Young Reader in the Making

Young Reader in the Making

Friday, February 27, 2015

Book 415: The Cat in the Hat

The Cat in the Hat, by Dr. Seuss, Random House, 1957.

I've written about SO many books, that sometimes I miss the obvious.  I was planning to be a guest reader in my son's Kindergarten class this week, and read Dr. Seuss books -- only, after I packed my bag of books and my Thing 1 and Thing 2, my son became very sick and had to stay home all week.  Still, what a great time to re-read this classic.

I grew up on Dr. Seuss -- his books were pretty much written for my generation.  There were still a few "Dick and Jane" books around (with that character weirdly named 'Sim'), but "Dick and Jane" were work, and Dr. Seuss was fun.  And still is great fun.  And this, this perfect classic of Dr. Seuss, is the perfect book to share.

Wednesday, February 25, 2015

Book 414: South

South, by Patrick McDonnell, Little, Brown, 2008.

I didn't really expect much when I started sharing this wordless picture book with my six-year-old son.  I was sucker-punched.

This book is so sweet and gentle and lovely that I had to own a copy of it for myself.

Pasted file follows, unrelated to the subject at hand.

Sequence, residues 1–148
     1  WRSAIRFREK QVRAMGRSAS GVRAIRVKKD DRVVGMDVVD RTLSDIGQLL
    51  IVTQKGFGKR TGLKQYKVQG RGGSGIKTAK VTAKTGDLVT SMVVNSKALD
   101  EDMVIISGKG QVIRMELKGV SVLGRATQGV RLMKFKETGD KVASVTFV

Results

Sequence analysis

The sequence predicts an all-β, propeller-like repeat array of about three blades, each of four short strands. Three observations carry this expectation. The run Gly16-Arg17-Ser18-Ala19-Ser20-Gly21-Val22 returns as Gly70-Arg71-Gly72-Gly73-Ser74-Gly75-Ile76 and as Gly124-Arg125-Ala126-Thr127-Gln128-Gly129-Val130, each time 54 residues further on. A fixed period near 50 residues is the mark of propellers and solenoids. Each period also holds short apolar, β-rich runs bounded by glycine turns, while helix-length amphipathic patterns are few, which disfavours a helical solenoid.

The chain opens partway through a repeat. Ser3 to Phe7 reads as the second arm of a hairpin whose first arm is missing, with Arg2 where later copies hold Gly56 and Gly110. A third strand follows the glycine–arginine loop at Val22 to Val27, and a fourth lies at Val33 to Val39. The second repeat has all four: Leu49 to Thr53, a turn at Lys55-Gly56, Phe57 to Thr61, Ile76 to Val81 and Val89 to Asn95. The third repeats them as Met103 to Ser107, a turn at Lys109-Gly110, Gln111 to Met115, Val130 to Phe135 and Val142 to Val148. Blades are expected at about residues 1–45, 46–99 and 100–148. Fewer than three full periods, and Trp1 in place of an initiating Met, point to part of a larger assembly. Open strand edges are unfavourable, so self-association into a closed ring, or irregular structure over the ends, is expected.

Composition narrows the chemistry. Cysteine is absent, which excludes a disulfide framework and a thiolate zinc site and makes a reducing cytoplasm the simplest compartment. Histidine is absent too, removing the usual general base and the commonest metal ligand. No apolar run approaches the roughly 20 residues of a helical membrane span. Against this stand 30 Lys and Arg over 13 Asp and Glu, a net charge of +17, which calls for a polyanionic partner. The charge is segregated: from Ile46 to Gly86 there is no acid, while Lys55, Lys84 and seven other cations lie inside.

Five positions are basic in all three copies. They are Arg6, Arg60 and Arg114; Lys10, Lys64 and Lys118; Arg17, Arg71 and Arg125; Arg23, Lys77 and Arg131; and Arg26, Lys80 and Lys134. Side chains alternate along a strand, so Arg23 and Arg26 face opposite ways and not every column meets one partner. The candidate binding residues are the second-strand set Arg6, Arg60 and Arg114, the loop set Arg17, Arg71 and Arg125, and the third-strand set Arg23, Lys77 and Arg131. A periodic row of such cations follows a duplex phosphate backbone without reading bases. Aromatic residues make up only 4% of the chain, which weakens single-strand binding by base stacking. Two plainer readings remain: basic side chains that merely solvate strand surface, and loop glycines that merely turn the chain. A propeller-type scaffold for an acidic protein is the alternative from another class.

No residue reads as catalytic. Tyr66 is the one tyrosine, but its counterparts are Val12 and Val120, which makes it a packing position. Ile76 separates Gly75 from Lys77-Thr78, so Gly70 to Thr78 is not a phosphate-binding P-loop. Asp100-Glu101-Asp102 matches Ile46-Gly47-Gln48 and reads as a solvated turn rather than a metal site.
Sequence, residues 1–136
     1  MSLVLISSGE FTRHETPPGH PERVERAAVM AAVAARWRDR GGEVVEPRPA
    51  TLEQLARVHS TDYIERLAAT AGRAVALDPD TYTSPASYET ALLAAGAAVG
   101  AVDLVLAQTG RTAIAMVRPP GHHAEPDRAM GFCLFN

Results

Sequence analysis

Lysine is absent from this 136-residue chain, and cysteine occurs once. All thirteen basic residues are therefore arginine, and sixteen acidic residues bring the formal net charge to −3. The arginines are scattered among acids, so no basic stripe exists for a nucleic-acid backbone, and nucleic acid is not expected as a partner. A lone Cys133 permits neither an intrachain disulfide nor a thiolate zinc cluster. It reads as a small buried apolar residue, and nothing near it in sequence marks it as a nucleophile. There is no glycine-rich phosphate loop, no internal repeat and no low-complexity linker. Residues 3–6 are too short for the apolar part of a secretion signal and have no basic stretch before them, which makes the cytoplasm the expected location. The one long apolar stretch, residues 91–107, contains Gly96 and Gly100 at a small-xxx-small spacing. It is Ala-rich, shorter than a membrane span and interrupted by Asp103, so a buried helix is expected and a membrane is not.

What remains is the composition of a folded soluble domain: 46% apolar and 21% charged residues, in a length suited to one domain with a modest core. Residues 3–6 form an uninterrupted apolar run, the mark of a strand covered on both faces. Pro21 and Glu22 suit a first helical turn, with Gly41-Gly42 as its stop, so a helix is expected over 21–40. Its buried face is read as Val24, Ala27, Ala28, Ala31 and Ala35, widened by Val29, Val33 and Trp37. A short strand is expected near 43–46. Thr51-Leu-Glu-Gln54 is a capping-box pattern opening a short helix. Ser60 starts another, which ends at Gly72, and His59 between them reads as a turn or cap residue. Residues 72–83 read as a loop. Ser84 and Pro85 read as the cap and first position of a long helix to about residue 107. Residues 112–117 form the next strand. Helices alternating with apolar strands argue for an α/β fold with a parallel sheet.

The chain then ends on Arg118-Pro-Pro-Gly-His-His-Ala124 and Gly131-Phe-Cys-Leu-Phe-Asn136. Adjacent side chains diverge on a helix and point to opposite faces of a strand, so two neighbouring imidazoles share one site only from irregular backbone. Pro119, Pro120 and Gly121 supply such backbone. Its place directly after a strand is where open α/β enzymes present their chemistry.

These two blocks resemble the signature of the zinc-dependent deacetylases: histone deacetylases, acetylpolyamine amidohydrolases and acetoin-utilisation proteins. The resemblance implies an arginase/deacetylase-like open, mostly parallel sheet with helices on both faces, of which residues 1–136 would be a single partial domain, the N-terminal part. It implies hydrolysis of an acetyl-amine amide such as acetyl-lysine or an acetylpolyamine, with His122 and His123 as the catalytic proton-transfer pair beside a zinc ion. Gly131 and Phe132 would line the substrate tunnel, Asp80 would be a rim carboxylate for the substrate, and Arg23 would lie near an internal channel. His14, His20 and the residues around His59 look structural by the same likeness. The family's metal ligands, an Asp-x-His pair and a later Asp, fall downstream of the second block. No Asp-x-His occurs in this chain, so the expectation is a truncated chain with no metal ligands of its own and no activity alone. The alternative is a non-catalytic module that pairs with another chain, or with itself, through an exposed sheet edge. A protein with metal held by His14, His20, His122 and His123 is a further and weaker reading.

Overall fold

Sunday, February 22, 2015

Book 413: Mary Poppins Comes Back

Mary Poppins Comes Back, by P.L. Travers, illustrated by Mary Shepard, 1935.

Again, I loved the seemingly random short stories that are all connected by Mary Poppins.  So many were absolutely delightful, but my favorite was one about the King of the Castle.  It reminded me so much of the jester in Many Moons.

I don't have a problem with the non-Disneyfied Mary Poppins.  Travers was writing in a different era and in a different culture from what Disney portrays.  I also found it interesting that Travers was rather young when the first two Mary Poppins books were published -- 28 and 29.  She might have been writing in a way that recalled how she was treated as a child, and not how she would relate to a child.

The illustrations, again, are absolutely and delightfully perfect.

Thursday, February 19, 2015

Book 412: Hug Time

Hug Time, by Patrick McDonnell, Little, Brown and Company, 2007.

I ordered this book for my six-year-old son, hoping to receive it in time for Valentine's Day.  It was a little late, so instead it arrived on Tuesday (the 17th).  Turns out, this book wasn't late at all, because this is the story that my son told me that evening BEFORE we even read the book:

Once upon a time, there was a watch.  The watch was for telling time.  Thomas can tell time.  He can tell when it is squeezy-hug time.
The End.